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  1. #1
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    Skilled Work, Without the Worker

    http://www.nytimes.com/2012/08/19/bu...ewanted=1&_r=1

    This comment, by 'anonymous' is perfect:

    Automation is on the rise and ever will be, because human workers are problematic. They are unpredictable and expensive. People who believe that human work is simply going to shift from the mechanical to the creative and intellectual are deluded. Yes, there will still be room for visionaries, but the average person will have no place in the production of goods and services. Work and survival will have to be decoupled. The alternative is mass starvation (and eventually, revolution).

  2. #2
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    Interesting how you guys squabble about the current crop of retards taking part in the dog and pony show 2012, when this is the real root of the economic issues for the US.

    The supply of labor is greater than the demand, and this will only get worse for the forseeable future. In the next few decades, computers and robots are going to significantly replace humans in driving, call centers, warehouses, manufacturing, ... I'm sure that all those burger flippers and truck drivers are all going to use their new found free time to become engineers to design and build more robots!

    Republicans think those left behind by the economy should starve and die (they won't, they'll come steal your stuff). Democrats are confused and ineffective. Lovely times ahead!

  3. #3
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    Quote Originally Posted by Powow View Post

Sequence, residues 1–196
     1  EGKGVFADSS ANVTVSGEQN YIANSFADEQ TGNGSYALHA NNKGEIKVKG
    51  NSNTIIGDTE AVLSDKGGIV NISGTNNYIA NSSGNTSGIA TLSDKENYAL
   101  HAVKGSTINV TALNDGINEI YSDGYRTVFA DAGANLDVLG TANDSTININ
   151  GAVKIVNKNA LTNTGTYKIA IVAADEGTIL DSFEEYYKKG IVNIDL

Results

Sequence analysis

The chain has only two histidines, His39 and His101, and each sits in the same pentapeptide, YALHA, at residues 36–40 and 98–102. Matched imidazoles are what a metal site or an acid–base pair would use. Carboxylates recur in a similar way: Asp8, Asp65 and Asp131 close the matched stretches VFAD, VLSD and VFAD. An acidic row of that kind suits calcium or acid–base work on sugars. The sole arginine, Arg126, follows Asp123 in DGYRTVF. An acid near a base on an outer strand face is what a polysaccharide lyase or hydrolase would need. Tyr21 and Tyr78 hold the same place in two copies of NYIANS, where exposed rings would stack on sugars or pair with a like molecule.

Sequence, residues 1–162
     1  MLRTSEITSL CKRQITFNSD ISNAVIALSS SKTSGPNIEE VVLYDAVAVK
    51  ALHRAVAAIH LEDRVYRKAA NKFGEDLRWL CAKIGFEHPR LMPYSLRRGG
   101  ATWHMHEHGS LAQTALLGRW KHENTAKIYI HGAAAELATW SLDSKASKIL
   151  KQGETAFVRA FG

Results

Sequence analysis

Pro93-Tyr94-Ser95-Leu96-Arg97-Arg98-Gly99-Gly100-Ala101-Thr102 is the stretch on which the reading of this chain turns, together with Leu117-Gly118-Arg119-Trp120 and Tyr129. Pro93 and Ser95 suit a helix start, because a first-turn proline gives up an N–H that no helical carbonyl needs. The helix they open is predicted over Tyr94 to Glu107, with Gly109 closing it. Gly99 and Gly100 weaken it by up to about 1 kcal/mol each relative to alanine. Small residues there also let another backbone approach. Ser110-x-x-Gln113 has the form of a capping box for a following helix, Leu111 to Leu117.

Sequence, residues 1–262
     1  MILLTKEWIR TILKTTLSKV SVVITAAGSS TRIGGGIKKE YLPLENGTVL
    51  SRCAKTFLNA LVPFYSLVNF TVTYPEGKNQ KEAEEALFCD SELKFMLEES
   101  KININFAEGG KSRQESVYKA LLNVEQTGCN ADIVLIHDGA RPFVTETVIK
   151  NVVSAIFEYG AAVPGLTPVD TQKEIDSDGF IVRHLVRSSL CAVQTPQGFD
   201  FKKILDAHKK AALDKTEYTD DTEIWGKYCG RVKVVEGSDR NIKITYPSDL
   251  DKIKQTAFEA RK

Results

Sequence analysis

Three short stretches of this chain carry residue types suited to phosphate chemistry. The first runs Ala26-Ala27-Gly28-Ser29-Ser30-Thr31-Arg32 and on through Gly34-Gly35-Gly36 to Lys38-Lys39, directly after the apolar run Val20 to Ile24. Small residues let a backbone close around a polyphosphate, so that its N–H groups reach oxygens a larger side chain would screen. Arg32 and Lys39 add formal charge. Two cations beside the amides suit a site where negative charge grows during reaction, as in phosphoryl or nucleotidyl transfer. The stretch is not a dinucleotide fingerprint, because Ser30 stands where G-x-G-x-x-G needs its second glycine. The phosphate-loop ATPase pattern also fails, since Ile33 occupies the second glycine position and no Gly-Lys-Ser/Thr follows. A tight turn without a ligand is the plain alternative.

Interesting how you guys squabble about the current crop of retards taking part in the dog and pony show 2012, when this is the real root of the economic issues for the US.

    The supply of labor is greater than the demand, and this will only get worse for the forseeable future. In the next few decades, computers and robots are going to significantly replace humans in driving, call centers, warehouses, manufacturing, ... I'm sure that all those burger flippers and truck drivers are all going to use their new found free time to become engineers to design and build more robots!

    Republicans think those left behind by the economy should starve and die (they won't, they'll come steal your stuff). Democrats are confused and ineffective. Lovely times ahead!
    I would have to think that Building robots, installing robots, maintaining robots, programming robots, Feeding the robots, building and maintaining the environment where robots work, All good paying jobs that a person could gain some satisfaction from doing.

    Just so long as we build the robots and install them here.

    FYI, I am in the contact center Tech biz.
    Good money, good work.
    Own your fail. ~Jer~

  4. #4
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    Thank god for the financial services industry. There will always be plenty of demand for unskilled labor.

  5. #5